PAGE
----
Addiction intervention is a pre-planned attempt by one or many people (family, friends, co-workers, neighbours) to get the addict to seek professional intervention, treatment for addiction, enter a drug rehab, alcohol rehabilitation, eating disorder, mental health, or dual-diagnosis treatment centre. Often interventions are held by family members and close friends and take place when other, more subtle approaches to getting help have been unsuccessful. Generally, there are two types of intervention – informal and formal.

An informal intervention is simply a conversation you might have with the person you are concerned about and sharing some of your observations, asking questions, and suggesting that (s)he seek qualified addiction treatment. Many centre interventions take place when a concerned friend, family member, or co-worker becomes concerned about an addict and does not want to include others at that time from fear of undesired tension between the addict and others. Informal interventions are a good way for a friend or co-worker to privately discuss their concerns with the addict without involving others. An informal intervention is most likely to have positive effects if it is well planned out in advance and takes place in a comfortable place when the addict is calm and sober.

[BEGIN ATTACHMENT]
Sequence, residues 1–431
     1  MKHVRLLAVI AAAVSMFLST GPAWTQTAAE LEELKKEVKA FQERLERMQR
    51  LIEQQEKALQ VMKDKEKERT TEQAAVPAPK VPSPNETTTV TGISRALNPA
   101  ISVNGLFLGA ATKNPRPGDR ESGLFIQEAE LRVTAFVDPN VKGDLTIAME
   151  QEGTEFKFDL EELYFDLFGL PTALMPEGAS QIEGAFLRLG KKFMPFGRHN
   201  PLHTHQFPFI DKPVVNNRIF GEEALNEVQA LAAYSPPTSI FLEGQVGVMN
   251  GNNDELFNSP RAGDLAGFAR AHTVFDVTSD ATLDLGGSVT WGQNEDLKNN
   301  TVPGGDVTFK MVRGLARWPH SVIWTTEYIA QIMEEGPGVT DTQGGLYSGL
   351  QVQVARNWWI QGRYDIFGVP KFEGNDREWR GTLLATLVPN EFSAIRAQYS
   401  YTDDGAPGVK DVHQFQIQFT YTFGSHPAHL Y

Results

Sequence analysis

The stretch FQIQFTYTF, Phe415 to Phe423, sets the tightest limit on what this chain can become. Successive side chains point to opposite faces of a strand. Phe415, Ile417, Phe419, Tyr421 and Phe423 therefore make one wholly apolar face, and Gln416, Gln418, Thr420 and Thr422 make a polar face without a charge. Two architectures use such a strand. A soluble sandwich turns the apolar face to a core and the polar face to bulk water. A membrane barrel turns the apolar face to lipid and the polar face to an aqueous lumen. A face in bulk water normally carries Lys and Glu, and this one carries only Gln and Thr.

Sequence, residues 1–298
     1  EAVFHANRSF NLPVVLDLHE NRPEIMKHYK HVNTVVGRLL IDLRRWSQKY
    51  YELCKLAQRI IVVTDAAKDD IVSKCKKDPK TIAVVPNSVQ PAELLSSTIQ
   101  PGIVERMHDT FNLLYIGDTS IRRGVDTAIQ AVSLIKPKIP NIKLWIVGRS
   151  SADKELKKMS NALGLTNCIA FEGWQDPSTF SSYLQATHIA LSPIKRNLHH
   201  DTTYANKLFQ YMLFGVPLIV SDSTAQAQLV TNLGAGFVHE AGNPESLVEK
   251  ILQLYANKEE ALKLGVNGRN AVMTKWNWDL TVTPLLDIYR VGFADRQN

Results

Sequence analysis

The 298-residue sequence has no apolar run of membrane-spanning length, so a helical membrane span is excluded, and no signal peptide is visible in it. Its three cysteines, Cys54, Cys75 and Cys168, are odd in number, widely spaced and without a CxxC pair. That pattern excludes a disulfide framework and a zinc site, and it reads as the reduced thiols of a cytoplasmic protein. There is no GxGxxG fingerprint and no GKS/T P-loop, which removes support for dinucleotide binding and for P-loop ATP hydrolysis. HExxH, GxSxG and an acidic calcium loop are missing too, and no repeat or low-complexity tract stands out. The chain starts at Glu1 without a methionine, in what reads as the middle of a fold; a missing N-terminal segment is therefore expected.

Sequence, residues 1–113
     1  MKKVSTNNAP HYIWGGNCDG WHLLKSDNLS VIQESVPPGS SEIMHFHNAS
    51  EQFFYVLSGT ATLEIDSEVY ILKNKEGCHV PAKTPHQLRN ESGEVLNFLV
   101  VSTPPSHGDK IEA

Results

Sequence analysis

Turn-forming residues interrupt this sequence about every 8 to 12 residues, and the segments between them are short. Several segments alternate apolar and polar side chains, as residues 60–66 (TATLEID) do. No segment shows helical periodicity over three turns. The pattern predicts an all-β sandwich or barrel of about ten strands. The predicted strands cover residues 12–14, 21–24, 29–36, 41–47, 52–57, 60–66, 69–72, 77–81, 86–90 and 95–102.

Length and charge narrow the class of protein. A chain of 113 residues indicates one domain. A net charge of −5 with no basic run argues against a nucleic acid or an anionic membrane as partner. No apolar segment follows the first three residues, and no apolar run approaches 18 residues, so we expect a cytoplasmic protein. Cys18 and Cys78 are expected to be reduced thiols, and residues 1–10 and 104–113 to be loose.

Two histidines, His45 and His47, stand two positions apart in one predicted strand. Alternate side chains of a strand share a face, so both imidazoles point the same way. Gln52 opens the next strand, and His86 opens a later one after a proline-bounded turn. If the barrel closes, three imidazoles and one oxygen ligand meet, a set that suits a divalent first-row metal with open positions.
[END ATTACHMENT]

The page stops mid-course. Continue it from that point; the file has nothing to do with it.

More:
Resources

  • https://silentgrapevine.com/2019/05/how-to-choose-the-best-drug-rehab-center-for-you-or-a-loved-one.html
  • https://www.drugabuse.gov/publications/drugfacts/treatment-approaches-drug-addiction
  • https://www.findrehabcenters.org/addiction/how-to-choose-rehab-centers/